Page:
Blue Bombers hopeful Agnew racing clock in effort to make team


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Keenan Agnew’s time with his family has boded well for him. Time, however, is not on his side with the Winnipeg Blue Bombers.

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Keenan Agnew’s time with his family has boded well for him. Time, however, is not on his side with the Winnipeg Blue Bombers.

Agnew is one of the Bombers’ recent acquisitions, joining training camp on Thursday. That’s left the 24-year-old defensive tackle to play catch up on learning the playbook and with fewer reps in practice to impress the coaching staff as he fights for a roster spot.

It’s undoubtedly the biggest opportunity in Agnew’s career.

Courtesy Southern Illinois University

Aspiring Blue Bombers defensive tackle Keenan Agnew (right) recorded 3.5 sacks in his senior year at Southern Illinois University.

After finishing his career at Southern Illinois University last season, the 6-0, 290-pound interior lineman had a pair of mini-camp tryouts in the National Football League with the Tennessee Titans and New York Jets, with whom his older brother, Ray Agnew III, is a pro scout. He also got a look from the Detroit Lions, with whom his father, Ray Agnew Jr., serves as the assistant general manager.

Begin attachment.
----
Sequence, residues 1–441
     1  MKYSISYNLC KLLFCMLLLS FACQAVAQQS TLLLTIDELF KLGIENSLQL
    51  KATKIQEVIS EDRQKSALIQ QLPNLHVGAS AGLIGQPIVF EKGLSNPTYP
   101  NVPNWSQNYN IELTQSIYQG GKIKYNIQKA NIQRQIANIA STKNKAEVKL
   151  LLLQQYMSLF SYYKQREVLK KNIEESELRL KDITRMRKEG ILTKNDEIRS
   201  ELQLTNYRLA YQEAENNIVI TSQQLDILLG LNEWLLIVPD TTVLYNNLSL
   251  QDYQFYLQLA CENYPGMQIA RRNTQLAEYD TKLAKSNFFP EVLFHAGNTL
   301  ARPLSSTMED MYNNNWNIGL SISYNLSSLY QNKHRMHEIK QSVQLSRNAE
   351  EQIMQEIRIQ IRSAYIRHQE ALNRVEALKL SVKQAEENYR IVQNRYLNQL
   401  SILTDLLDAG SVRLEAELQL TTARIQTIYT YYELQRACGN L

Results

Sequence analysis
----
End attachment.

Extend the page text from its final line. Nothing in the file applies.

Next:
The family ties don’t stop there. Agnew’s other older brother, Malcolm, is a running backs coach at Sanford University. He held the same position at the University of North Dakota from 2017-19, during which he coached current Bombers’ bell cow Brady Oliveria.

Now in his first training camp as a professional, Agnew is leaning on his family to guide him through the beginning of his pro career. He said he talks to his two brothers, dad and mom in a family group chat every day.

“It’s helped me a lot,” Agnew told the Free Press after Bombers camp at IG Field on Monday. “I’ve got a lot of tips from them about what you can do to make a roster. Just come in and work hard every day. Study your playbook relentlessly and don’t get too down whenever you make mistakes.”